But what could we do? Every day hundreds of thousands of people crossed our border, and of those perhaps tens of thousands were infected! We had to take decisive action. We had to protect ourselves!

There is a road that runs between our two countries. It is small by your standards, not even paved in most places, but it was the main southern artery in Baluchistan. To cut it off at even one place, the Ketch River Bridge, would have effectively sealed off 60 percent of all refugee traffic. I flew the mission myself, at night with a heavy escort. You didn't need image intensifiers. You could see the headlights from mile away, a long, thin white trail in the darkness. I could even see small-arms flashes. The area was heavily infested. I targeted the bridge's center foundation, which would be the hardest part to repair. The bombs separated cleanly. They were high-explosive, conventional ordnance, just enough to do the job. American aircraft, from when we used to be your allies of convenience, used to destroy a bridge built with American aid for the same purpose. The irony was not lost on the high command. Personally, I could have cared less. As soon as I felt my Phantom lighten, I hit my burners, waited for my observer plane's report, and prayed with all my might that the Pakistanis wouldn't retaliate.

Of course my prayers went unanswered. Three hours later their garrison at Qila Safed shot up our border station. I know now that our president and the Ayatollah were willing to stand down. We'd gotten what we wanted, they'd gotten their revenge. Tit for tat, let it go. But who was going to tell the other side? Their embassy in Tehran had destroyed its codes and radios. That sonofbitching colonel had shot himself rather than betray any "state secrets." We had no hotline, no diplomatic channels. We didn't know how to contact the Pakistani leadership. We didn't even know if there was any leadership left. It was such a mess, confusion turning to anger, anger turning on our neighbors. Every hour the conflict escalated. Border clashes, air strikes. It happened so fast, just three days of conventional warfare, neither side having any clear objective, just panicked rage.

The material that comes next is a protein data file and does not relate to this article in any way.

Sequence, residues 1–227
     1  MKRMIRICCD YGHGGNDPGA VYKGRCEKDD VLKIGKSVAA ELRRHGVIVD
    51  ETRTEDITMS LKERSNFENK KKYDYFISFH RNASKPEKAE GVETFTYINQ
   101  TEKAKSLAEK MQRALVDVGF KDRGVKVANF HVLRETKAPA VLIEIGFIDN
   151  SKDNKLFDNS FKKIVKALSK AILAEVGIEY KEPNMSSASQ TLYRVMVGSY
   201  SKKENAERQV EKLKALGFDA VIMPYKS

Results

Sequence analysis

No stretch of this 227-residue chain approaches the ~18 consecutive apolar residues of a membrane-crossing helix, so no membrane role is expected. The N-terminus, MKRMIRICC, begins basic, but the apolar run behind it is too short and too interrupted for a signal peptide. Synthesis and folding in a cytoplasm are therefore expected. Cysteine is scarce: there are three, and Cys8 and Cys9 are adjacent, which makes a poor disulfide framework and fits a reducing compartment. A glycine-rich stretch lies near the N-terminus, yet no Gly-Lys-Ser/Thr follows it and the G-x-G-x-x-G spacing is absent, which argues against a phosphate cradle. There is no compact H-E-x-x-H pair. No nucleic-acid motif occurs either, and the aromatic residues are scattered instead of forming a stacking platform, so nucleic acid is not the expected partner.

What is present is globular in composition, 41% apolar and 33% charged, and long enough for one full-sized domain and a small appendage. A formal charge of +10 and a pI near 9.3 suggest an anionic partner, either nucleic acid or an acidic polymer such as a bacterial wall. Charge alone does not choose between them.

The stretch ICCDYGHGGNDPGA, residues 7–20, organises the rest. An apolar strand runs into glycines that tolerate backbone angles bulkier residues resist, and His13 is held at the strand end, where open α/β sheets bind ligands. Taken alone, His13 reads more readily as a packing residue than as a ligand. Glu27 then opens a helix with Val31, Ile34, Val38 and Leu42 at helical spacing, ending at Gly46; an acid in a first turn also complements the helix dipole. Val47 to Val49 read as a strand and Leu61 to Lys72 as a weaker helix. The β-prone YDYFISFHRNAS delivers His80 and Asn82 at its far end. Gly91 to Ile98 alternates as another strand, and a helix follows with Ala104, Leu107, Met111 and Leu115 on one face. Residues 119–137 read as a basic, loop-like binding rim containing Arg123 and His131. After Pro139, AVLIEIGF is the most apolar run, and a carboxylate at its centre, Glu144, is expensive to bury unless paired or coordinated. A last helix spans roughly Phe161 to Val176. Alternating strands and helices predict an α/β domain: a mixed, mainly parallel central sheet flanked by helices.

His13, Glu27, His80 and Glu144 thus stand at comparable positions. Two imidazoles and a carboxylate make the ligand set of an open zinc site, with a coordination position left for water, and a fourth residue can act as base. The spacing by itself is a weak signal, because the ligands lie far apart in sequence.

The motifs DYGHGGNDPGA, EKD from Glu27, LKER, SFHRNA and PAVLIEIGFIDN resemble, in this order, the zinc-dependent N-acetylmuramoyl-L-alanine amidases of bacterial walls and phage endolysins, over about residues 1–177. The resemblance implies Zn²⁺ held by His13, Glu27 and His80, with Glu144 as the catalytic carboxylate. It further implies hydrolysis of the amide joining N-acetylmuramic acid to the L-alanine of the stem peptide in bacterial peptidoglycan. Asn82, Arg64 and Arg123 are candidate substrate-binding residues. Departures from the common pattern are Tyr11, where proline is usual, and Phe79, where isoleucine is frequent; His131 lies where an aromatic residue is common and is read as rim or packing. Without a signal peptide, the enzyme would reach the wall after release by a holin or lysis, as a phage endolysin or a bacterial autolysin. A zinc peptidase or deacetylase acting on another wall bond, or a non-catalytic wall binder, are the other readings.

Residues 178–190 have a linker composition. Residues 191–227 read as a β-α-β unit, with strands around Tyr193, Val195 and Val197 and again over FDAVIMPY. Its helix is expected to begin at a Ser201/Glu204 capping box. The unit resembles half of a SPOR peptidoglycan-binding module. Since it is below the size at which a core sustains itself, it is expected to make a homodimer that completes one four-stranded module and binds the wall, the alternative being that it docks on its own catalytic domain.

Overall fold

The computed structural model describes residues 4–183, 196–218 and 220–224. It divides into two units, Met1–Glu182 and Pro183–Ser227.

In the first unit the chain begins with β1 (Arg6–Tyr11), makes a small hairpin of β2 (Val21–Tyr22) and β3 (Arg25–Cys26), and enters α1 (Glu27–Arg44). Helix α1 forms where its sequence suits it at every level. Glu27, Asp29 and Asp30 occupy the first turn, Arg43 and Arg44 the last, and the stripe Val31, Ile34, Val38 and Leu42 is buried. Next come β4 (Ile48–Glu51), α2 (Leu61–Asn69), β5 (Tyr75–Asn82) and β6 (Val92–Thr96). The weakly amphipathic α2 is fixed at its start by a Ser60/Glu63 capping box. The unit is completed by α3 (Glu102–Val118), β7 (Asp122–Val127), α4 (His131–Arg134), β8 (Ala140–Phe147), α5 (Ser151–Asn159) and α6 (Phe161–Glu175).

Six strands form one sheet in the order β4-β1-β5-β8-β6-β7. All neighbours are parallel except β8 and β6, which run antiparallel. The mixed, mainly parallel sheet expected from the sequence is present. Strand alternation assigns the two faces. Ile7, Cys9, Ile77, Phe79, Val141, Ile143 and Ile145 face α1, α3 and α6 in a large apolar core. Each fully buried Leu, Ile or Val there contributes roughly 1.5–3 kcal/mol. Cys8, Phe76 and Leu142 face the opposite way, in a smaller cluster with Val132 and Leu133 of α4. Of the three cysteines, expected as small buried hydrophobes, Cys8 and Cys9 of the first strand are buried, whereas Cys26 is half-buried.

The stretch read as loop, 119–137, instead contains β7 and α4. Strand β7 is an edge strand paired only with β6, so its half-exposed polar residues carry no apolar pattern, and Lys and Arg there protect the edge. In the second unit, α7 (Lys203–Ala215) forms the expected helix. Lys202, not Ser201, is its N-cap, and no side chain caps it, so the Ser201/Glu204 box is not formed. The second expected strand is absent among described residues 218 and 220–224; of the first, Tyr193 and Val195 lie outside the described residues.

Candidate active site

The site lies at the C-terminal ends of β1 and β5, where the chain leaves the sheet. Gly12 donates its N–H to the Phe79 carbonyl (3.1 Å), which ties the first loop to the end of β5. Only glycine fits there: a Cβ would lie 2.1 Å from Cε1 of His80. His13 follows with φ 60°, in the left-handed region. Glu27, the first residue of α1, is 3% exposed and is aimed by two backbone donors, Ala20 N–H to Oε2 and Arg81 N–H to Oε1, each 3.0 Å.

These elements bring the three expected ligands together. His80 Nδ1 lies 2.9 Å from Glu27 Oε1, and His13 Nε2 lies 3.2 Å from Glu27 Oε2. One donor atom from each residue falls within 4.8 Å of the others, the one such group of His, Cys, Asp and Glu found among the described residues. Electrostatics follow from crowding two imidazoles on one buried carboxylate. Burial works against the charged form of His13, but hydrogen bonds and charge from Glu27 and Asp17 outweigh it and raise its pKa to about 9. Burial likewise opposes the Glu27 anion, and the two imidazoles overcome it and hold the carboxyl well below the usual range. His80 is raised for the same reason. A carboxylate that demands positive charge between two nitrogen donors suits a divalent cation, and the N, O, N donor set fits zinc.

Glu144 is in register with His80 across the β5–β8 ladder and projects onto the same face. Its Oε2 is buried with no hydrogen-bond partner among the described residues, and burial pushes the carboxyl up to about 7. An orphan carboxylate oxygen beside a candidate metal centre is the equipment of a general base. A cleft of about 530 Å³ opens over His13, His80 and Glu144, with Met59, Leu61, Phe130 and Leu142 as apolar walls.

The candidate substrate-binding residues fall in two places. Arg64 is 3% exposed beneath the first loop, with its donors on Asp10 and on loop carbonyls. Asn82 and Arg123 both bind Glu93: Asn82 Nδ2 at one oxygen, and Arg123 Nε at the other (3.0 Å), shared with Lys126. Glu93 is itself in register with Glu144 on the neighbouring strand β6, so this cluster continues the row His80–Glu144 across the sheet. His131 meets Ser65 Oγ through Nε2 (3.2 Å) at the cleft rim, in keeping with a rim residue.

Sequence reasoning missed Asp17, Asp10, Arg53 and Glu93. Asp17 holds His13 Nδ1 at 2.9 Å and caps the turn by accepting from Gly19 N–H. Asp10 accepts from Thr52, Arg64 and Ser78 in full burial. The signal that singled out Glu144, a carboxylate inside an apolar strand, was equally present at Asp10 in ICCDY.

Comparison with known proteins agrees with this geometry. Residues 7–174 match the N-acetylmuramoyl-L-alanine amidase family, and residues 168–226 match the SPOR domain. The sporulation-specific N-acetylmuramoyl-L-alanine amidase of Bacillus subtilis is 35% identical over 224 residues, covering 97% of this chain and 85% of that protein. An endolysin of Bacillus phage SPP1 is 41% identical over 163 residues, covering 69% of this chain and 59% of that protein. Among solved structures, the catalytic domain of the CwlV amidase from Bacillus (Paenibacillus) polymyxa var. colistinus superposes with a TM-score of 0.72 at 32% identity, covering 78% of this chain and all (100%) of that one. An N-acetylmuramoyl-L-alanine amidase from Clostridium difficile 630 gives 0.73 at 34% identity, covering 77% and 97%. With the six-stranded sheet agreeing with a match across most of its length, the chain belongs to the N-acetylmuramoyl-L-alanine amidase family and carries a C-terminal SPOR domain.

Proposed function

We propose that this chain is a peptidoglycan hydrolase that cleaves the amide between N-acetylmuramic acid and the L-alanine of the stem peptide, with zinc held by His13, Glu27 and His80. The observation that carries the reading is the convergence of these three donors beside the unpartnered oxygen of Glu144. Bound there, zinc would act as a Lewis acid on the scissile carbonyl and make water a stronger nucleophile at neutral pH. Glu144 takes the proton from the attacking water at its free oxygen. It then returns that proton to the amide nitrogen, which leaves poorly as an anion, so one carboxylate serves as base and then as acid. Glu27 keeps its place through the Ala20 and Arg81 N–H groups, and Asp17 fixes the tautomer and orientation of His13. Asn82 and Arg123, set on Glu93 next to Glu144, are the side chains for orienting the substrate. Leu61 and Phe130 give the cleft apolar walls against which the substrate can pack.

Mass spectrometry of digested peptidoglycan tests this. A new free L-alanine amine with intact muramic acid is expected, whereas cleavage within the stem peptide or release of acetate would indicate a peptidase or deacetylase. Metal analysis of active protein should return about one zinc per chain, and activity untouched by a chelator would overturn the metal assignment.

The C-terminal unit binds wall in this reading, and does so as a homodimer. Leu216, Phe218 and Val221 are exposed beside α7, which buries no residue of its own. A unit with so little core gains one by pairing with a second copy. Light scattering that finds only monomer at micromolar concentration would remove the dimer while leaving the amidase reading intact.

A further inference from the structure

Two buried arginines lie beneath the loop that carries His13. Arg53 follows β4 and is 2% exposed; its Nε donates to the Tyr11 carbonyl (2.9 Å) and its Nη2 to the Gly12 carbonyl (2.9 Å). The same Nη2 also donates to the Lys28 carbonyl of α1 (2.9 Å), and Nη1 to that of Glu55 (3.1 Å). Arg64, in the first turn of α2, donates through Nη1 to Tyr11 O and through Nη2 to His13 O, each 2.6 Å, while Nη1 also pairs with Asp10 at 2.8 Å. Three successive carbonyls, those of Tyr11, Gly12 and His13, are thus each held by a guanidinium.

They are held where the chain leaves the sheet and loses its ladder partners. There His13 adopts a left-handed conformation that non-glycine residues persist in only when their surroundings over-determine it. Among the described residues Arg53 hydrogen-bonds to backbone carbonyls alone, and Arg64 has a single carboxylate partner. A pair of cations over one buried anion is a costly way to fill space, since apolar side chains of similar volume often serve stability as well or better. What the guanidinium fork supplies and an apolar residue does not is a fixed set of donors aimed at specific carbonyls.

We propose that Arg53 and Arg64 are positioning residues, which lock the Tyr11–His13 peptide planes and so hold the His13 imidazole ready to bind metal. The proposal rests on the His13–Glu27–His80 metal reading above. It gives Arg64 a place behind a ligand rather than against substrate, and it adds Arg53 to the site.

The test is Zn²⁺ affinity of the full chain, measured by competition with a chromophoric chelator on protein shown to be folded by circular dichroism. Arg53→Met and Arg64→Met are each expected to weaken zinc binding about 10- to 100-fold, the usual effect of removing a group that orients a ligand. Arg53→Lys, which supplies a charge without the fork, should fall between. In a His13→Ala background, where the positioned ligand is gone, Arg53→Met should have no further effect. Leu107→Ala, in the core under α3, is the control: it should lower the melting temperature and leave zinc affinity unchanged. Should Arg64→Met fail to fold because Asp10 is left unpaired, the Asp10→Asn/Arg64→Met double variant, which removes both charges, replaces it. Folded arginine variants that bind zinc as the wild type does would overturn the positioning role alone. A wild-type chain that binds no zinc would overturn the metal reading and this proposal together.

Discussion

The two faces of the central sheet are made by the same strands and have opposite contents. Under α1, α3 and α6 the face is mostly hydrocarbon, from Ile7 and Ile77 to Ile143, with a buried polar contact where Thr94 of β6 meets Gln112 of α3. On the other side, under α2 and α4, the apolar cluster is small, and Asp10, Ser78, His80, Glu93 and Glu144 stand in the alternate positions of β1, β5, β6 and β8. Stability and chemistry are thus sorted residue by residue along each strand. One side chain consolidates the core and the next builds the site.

[He shrugs.]

We created a nuclear monster that neither side could tame . . . Tehran, Islamabad, Qom, Lahore, Bandar Abbas, Ormara, Emam Khomeyni, Faisalabad. No one knows how many died in the blasts or would die when the radiation clouds began to spread over our countries, over India, Southeast Asia, the Pacific, over America.

No one thought it could happen, not between us. For God's sake, they helped us build our nuclear program from the ground up! They supplied the materials, the technology, the third party brokering with North Korea and Russian renegades . . . we wouldn't have been a nuclear power if it wasn't for our fraternal Muslim brothers. No one would have expected it, but then again, no one would have expected the dead to rise, now would they? Only one could have foreseen this, and I don't believe in him anymore.
 
 
 
The Rev: non-operationalthe_reverand on January 16th, 2007 04:25 am (UTC)
Wow, that sounds awesome. I don't know how I missed this when you originally posted it, but thanks.